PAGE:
[Distutils] pythonv, take two
vinay_sajip at yahoo.co.uk
Sat Mar 19 01:01:48 CET 2011
> So, possibilities I see for addressing this:
> 1. Decide that in real cases of real Python installations, it's so
> unlikely to happen that we won't worry about it. I think it's possible
> that this is acceptable; the biggest practical problem is likely to be
> people trying to test this out during PEP review from a not-installed
> checkout, just like you did. We'd have to be careful to instruct people
> that it doesn't work that way, and might also want to add a check in the
> env-creation script to verify that the created env works properly, and
> if it doesn't give them some clue why not.
Yes, I think this is important to do, or at least to have -v output show which
stdlib is being used.
> 2. Decide that we just don't support copied binaries, only symlinked
> ones. Apparently (I am Windows-ignorant) recent Windows versions do
> support symlinks? So this might only involve dropping support for old
> Windows'? How important is it for a new feature like this to fully
> support all operating systems that Python supports? We could also not
> expose the copy-binary option to the user, but fall back to it if we
> have no symlinks; which ends up being option (1) but trying to narrow
> even more the potential breakage cases.
Well, Windows XP is still pretty common and likely to remain so for some time.
On Windows XP, symlinks don't work, but confusingly os.symlink exists on recent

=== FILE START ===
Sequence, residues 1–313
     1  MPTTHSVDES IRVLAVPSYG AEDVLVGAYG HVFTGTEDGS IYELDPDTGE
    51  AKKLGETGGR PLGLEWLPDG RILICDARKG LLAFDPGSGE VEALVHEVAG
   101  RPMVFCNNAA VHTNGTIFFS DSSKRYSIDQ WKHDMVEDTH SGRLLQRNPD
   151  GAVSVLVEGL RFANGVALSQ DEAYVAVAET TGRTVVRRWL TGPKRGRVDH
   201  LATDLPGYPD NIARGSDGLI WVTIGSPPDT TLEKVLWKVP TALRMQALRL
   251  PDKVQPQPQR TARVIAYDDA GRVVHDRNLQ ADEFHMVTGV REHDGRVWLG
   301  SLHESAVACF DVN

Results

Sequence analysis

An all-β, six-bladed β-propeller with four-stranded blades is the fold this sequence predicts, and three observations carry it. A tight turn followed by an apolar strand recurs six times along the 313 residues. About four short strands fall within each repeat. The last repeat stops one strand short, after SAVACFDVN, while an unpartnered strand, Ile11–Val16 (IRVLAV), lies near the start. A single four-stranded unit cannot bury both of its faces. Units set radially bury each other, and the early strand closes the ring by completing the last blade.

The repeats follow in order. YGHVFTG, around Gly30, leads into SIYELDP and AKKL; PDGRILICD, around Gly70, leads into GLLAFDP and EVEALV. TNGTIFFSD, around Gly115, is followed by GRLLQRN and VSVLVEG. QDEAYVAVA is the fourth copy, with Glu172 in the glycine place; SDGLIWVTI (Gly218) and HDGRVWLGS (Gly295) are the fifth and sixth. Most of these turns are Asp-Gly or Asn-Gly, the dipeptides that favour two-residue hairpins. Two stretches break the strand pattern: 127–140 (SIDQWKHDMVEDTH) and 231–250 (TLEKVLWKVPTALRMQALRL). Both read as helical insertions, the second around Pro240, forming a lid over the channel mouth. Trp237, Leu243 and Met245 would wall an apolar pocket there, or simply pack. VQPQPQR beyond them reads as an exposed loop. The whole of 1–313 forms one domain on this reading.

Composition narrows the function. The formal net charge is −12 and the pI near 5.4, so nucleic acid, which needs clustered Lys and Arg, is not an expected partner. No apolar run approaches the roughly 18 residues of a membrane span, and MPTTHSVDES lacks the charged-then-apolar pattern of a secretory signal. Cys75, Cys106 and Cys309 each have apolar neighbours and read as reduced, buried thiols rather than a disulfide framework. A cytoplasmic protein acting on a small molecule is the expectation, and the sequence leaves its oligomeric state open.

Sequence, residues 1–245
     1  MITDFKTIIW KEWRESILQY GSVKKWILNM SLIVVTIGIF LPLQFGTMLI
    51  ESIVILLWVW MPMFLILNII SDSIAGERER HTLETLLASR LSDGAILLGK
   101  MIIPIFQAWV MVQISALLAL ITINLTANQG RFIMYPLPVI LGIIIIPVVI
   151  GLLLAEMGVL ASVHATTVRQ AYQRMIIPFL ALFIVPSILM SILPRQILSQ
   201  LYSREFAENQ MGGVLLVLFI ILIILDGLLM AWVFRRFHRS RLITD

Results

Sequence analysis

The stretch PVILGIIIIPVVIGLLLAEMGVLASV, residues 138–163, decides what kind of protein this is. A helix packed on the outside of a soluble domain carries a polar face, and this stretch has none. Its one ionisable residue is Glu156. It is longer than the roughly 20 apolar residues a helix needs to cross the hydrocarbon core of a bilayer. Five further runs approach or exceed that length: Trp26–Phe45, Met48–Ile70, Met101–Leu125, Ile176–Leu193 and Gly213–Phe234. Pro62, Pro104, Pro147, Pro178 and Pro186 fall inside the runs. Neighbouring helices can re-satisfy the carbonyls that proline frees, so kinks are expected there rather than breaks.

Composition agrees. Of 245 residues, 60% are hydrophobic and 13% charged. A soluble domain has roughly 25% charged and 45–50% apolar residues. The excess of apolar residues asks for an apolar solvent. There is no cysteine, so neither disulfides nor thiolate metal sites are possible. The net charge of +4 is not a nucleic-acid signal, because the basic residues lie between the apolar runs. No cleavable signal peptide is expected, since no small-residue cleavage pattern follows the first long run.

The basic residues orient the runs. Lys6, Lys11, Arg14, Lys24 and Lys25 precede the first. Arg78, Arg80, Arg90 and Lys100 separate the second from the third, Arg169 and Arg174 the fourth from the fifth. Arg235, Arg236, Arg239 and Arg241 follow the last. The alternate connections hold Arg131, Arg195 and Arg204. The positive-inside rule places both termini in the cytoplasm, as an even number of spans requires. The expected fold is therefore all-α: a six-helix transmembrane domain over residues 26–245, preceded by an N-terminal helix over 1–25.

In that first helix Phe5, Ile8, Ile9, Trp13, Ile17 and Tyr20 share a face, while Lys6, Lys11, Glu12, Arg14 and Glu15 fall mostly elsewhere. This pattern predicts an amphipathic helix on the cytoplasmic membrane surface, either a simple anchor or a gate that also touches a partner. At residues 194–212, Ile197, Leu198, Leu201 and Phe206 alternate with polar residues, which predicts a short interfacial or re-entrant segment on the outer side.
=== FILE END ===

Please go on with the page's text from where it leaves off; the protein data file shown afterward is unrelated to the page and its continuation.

Pythons (certainly 3.2). I had to make a patch in my virtualenv fork to handle
this in copyfile: on XP, os.symlink raises NotImplementedError because the
underlying Windows API function is missing.
So, even if it's just for Windows, I think copying will need to be supported,
but perhaps only from Pythons whose sys.prefix is correctly set.
> 3. The fully-reliable fix would be to somehow give the copied binary a
> hint where to find the right standard library, and this would involve
> adding something to the algorithm in getpath.c. The hint could take the
> form of a key in the config file, but I'd really like to avoid fully
> parsing the config-file in C and then again in Python later on. The hint
> could also be some kind of specially-formatted comment line at the top
> of the config file, which would require less C code to find and parse?
> Any thoughts on this (or alternative solutions I haven't thought of) are
> most welcome.
I know that ConfigParser format files are the first thing one thinks of, but
perhaps a simpler C-parseable format deserves further consideration.
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